Trespass towing is the business of private towing companies towing vehicles from private property, typically from parking lots, like at a shopping plaza, apartment complex, fast food restaurant or other business, and then charging the vehicle owners to get them back. Trespass towers are allowed to charge for three things when releasing a vehicle back to its owner: towing, daily storage, and if a vehicle is not picked up within a certain time, their cost to send the owner a notice via certified mail. They’re also allowed to charge a “drop fee”, to release your vehicle if you approach them before they drive away with it. And they’re one of the only forms of business for which laws exist to authorize cash-only operations.


The State of Maryland provides a limited framework of regulation for trespass towing, authorizing the City to go further, which the City fails to do effectively. The City’s Trespass Towing law must be strengthened, to:


  • Codify a clear maximum towing fee

  • Reduce the allowable “drop” fee

  • Constrain conditions under which a “drop” fee is allowed

  • Require acceptance of credit card payment

  • Do away with the Trespass Towing Board, leaving oversight to a professionalized City agency for Business Licensing and Consumer Protection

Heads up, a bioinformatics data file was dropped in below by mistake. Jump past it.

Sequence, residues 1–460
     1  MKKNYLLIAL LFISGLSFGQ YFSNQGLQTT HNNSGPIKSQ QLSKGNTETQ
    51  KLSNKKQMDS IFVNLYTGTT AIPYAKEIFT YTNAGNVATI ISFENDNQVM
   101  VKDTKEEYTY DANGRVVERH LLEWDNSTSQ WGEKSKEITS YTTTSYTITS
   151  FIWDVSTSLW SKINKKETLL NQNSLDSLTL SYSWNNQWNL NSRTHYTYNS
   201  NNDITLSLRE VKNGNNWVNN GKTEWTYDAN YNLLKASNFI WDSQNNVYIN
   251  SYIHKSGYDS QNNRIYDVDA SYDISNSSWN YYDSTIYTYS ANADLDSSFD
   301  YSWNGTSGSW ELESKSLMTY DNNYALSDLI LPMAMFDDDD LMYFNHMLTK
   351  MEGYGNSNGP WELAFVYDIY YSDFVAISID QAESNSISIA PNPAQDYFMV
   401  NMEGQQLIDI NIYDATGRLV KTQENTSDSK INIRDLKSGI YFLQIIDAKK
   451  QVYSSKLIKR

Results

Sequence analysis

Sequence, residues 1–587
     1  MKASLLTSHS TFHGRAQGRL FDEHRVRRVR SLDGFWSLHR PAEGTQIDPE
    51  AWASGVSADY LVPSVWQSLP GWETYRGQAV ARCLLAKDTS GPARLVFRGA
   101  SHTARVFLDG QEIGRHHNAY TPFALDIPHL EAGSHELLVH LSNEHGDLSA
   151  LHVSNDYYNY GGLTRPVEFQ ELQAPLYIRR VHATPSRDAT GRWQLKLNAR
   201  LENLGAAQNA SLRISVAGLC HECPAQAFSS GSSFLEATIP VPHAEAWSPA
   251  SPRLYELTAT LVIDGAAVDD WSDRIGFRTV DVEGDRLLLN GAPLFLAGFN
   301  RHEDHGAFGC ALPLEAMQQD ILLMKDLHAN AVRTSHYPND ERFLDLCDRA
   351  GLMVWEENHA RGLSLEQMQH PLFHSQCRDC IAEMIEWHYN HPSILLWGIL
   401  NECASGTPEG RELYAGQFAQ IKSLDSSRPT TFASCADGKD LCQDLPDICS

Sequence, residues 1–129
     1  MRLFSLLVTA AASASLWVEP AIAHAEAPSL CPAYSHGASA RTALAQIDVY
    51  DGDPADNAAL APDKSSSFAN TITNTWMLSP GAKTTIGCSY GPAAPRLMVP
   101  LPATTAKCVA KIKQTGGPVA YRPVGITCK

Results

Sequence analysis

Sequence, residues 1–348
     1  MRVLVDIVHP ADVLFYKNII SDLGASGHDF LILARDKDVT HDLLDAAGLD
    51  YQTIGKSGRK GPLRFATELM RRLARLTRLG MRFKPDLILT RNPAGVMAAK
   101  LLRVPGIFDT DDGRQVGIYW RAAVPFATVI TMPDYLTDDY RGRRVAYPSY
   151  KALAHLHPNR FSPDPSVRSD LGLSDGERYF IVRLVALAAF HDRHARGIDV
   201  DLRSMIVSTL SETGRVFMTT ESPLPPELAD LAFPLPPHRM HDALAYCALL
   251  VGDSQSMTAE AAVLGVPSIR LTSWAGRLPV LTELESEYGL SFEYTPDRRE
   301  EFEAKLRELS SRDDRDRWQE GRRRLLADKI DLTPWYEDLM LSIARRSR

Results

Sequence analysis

• Prohibit and fine for towing from unlicensed and non-compliant commercial parking facilities

  • Improve record-keeping requirements

  • Prohibit "patrol" towing


Fossil Fuels and Environmental Changes

We have a long way to go on fossil fuels and the environment. Many years into the fight to save our planet, much of the work in this area continues to be of the “low and slow” variety, setting weak goals for a far-off future, without having to face the challenge of any immediate change, and embracing changes that seem good on the surface, but simply trade one set of hazards for another.


Councilman Dorsey has been a leader in opening dialogue on needed changes big, small, challenging, and more challenging. To preserve our future as a city, a society, and a planet, and to improve our quality of life along the way, many changes are needed and possible through local governance but often overlooked and inconvenient to confront. Here are A few that Councilman Dorsey has sought to broach: